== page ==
Investigating the Relationship Between Stigma and Abortion Safety: Preliminary Findings From a Survey in Nigeria

Mridula Shankar , Johns Hopkins Bloomberg School of Public Health
Grace Sheehy, Johns Hopkins Bloomberg School of Public Health
Suzanne Bell, Johns Hopkins Bloomberg School of Public Health
Elizabeth F. Omoluabi, Centre for Research Evaluation Resources and Development (CRERD)
Funmilola OlaOlorun, University of Ibadan
Caroline Moreau, Institut National de la Santé et de la Recherche Médicale (INSERM)

There is a dearth of evidence on abortion stigma in Nigeria, including how it influences women’s access to and use of safer abortion care. This study’s objectives were to examine the extent of abortion-related stigma in Nigeria among reproductive age women, and to understand how it is associated with abortion safety. We used agreement with the statement that abortion brings shame to the family as a proxy measure, and of 11,106 surveyed women, 64% agreed with the statement. Women in the 15-19 age-group, in the poor and middle wealth categories, and those with some secondary or lower education recorded highest agreement. Among all reported abortions, one half were categorized as least safe. Stigma was associated with an increased odds of a least safe abortion, however this relationship was attenuated when adjusted for wealth, indicating that women’s access to resources likely plays a more significant role in accessing safe abortion care.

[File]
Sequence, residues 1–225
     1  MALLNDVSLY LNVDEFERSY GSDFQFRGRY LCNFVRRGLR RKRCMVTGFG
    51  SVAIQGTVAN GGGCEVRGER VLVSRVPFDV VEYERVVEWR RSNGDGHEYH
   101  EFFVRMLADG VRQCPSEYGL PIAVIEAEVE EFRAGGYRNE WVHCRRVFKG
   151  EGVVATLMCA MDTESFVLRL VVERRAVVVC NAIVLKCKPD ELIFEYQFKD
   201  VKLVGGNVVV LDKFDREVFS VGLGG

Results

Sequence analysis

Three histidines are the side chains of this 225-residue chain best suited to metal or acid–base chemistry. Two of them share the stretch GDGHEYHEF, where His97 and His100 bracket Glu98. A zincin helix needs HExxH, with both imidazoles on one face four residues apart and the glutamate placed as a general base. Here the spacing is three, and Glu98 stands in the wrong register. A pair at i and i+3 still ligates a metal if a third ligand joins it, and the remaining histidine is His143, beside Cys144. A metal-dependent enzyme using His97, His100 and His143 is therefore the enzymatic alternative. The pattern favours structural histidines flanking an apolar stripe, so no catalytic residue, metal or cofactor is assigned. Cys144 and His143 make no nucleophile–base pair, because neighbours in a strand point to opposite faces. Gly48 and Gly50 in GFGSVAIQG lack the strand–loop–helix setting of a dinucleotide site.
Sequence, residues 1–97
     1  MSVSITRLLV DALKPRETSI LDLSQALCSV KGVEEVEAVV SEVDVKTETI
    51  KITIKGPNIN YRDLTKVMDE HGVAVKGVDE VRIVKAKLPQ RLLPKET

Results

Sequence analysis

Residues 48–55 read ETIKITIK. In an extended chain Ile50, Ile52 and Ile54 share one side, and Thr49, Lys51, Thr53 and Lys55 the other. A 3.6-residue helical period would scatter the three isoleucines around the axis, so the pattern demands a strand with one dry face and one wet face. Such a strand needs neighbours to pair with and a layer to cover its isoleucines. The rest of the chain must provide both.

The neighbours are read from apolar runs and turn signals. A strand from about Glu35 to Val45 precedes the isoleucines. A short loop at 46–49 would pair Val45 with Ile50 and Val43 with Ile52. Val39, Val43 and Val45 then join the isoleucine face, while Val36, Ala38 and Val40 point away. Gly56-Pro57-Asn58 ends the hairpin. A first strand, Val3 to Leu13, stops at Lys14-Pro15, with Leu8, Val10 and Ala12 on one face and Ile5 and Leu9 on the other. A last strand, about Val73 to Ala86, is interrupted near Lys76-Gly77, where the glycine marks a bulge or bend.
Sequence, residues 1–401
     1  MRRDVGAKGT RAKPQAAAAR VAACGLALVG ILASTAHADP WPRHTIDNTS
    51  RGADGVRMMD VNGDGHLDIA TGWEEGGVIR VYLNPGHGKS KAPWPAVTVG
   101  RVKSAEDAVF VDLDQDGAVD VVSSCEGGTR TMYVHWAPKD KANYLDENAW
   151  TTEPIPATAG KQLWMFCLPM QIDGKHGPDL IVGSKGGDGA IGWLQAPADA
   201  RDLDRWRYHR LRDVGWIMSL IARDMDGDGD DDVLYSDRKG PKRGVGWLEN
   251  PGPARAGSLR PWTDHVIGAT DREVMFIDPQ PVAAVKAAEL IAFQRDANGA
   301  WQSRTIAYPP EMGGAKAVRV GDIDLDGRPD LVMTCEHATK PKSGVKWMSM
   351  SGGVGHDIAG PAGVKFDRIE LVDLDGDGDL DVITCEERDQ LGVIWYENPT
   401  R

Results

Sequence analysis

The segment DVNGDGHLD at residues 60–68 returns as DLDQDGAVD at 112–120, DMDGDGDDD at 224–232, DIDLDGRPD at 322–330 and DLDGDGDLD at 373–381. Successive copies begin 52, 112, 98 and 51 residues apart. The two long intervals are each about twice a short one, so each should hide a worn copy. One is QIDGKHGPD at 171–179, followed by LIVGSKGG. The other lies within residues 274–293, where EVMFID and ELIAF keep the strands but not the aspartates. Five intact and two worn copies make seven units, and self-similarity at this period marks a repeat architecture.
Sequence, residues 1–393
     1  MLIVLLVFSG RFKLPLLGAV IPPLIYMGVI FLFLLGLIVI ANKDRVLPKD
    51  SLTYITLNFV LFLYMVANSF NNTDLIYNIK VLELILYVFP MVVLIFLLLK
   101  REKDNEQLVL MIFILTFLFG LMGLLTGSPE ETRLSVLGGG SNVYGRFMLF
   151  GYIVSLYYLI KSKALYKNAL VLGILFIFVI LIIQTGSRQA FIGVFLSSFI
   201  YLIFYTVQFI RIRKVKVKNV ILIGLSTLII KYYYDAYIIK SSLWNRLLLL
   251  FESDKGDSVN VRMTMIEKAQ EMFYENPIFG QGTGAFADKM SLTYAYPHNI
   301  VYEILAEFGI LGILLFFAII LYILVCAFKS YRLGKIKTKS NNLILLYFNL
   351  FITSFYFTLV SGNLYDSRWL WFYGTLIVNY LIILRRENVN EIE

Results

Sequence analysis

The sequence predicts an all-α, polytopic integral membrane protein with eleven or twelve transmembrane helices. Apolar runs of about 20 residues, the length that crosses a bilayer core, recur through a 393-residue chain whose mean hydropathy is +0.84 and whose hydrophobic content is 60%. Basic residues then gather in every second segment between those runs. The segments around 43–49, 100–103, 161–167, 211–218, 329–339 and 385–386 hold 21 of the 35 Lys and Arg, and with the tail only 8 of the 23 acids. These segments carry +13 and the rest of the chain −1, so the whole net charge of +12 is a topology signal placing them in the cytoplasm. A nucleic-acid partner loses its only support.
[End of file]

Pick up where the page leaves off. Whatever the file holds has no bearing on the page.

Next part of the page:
See extended abstract

 Presented in Session 1. Fertility, Family Planning, Sexual Behavior, & Reproductive Health 1